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Von der Leyen, nominee to head EU executive, rushes to seek parliament backing

EU governments' surprise nominee for president of the European Union's executive, Germany's Ursula von der Leyen, will seek support in the EU parliament on Wednesday hoping to secure the confirmation that she will need in two weeks' time.

In a deal done by the 28 member governments on Tuesday after long and fraught negotiations, Von der Leyen, a close ally of German Chancellor Angela Merkel, is due to replace Jean-Claude Juncker as president of the European Commission, the EU's executive arm, and France's Christine Lagarde will head the European Central Bank.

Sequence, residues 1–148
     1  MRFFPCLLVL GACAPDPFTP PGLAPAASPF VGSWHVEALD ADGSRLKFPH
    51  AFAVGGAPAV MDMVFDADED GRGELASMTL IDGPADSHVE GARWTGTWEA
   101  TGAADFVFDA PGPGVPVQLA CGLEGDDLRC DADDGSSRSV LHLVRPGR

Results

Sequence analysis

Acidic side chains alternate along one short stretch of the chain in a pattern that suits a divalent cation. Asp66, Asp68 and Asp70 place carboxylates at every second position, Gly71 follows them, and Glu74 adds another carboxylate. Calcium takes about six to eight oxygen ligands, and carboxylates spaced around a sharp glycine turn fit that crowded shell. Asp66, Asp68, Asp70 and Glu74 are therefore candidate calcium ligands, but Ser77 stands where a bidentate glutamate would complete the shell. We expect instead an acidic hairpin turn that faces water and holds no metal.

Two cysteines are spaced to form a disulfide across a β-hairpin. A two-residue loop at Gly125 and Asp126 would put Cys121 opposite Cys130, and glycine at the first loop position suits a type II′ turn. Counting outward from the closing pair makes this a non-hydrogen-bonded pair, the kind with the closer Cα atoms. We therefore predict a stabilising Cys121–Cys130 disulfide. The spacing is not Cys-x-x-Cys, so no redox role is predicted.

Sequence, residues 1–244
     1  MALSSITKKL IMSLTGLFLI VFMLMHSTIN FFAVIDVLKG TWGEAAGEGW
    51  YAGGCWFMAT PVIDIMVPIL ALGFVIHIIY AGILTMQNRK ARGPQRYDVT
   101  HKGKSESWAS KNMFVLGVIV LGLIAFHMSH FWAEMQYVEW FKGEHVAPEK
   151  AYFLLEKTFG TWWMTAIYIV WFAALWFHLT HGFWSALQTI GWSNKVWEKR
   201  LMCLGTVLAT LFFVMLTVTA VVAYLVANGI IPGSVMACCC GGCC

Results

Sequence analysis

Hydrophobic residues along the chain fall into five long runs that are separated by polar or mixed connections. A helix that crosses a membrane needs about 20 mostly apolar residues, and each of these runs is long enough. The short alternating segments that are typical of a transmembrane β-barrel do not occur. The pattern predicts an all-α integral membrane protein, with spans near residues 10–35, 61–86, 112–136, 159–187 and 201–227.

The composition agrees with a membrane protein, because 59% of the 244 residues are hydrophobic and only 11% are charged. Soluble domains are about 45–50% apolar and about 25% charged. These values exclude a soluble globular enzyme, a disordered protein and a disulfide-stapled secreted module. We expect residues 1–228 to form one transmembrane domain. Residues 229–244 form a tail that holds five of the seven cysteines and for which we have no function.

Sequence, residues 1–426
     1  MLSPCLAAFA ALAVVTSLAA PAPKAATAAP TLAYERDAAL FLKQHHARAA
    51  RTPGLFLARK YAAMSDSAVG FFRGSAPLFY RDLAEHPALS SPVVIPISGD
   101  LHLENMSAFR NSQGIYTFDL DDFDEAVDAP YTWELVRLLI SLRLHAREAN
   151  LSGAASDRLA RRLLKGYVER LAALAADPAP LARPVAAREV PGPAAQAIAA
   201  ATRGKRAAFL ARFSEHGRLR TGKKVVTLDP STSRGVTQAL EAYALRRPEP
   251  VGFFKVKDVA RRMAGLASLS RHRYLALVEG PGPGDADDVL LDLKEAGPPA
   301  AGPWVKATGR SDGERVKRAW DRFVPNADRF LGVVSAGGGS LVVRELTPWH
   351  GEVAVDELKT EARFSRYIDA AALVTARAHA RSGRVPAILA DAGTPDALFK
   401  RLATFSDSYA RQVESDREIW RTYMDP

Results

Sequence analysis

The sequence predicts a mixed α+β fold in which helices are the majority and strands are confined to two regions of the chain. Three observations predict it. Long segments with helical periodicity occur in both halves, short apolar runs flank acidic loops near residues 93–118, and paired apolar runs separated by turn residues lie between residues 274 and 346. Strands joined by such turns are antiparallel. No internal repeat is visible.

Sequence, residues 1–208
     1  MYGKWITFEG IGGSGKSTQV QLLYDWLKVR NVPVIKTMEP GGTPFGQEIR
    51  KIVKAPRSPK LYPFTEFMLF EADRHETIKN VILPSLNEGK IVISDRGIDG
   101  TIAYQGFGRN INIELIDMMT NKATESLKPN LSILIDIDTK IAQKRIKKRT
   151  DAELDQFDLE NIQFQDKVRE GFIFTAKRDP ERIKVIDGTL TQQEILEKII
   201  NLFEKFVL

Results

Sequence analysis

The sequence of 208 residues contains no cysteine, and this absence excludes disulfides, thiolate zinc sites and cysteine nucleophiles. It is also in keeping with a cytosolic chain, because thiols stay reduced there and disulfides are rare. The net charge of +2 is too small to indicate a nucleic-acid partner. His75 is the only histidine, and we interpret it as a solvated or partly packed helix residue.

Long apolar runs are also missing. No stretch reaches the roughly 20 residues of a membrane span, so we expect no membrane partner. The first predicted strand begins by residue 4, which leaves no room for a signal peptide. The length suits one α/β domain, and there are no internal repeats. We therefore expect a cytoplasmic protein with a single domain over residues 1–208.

Von der Leyen needs to be confirmed in her new job by an absolute majority of the 751 EU lawmakers.

Yet the selection wrangles could portend difficulties ahead for Von der Leyen, currently, German defense minister, as she tries to marshal a strong and united EU response to issues ranging from global warming to trade wrangling with Washington and Iran's nuclear ambitions.

The parliament did, however, get its wish on Wednesday to choose its preferred candidate as a speaker for the next 2-1/2 years, something that may smooth ruffled feathers. The socialist and green groupings had been particularly upset at Von der Leyen's nomination.

Italian socialist David Sassoli, a 63-year-old former journalist who has served for ten years as an EU lawmaker, was elected after two rounds of voting.

Von der Leyen can, however, rely on the support of the main center-right and liberal groupings. Another conservative group led by Poland's ruling PiS party also looks set to back her.